Andersen put many pieces of his own life into his fairy tales. He never forgot that his mother as a young girl had been forced to go begging. This led him to write "The Little Match Girl," a story full of compassion for the unfortunate ones of this Earth. And his own personal experiences are reflected in "The Ugly Duckling," which points out that sometimes the qualities that make you feel lonely, different, and out of place are the very qualities that, when properly used, can make you shine.

In 1867 he returned to Odense to be honored by his country. Standing on the balcony of the hall where the ceremony was held, he saw below him the city square, full of people who cheered him, and bright with thousands of candles burning in the windows of all the buildings. Andersen published his last fairy tales in 1872, and after a long illness, he died in Copenhagen on August 4, 1875.

SHORT STORY:

The Little Match Girl

Most terribly cold it was; it snowed, and was nearly quite dark, and evening-- the last evening of the year. In this cold and darkness there went along the street a poor little girl, bareheaded, and with naked feet. When she left home she had slippers on, it is true; but what was the good of that? They were very large slippers, which her mother had hitherto worn; so large were they; and the poor little thing lost them as she scuffled away across the street, because of two carriages that rolled by dreadfully fast.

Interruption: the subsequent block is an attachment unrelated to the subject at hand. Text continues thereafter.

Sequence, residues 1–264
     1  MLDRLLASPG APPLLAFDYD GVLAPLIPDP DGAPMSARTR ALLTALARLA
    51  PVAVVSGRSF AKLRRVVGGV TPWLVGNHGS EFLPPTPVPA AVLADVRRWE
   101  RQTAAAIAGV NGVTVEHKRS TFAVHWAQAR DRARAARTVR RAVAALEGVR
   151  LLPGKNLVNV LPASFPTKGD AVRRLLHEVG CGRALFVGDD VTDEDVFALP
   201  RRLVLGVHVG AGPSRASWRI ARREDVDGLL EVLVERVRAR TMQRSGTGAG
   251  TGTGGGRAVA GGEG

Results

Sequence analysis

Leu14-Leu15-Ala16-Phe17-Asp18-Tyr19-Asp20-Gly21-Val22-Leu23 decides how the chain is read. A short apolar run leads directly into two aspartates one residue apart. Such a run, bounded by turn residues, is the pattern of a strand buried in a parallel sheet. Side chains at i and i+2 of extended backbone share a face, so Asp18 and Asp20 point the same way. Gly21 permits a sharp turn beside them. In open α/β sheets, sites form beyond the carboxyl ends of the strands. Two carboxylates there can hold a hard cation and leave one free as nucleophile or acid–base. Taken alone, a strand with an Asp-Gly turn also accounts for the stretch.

One slipper was nowhere to be found; the other had been laid hold of by an urchin, and off he ran with it; he thought it would do capitally for a cradle when he some day or other should have children himself. So the little maiden walked on with her tiny naked feet, that were quite red and blue from cold. She carried a quantity of matches in an old apron, and she held a bundle of them in her hand. Nobody had bought anything of her the whole livelong day; no one had given her a single farthing.

She crept along trembling with cold and hunger--a very picture of sorrow, the poor little thing!

The flakes of snow covered her long fair hair, which fell in beautiful curls around her neck; but of that, of course, she never once now thought. From all the windows the candles were gleaming, and it smelt so deliciously of roast goose, for you know it was New Year's Eve; yes, of that she thought.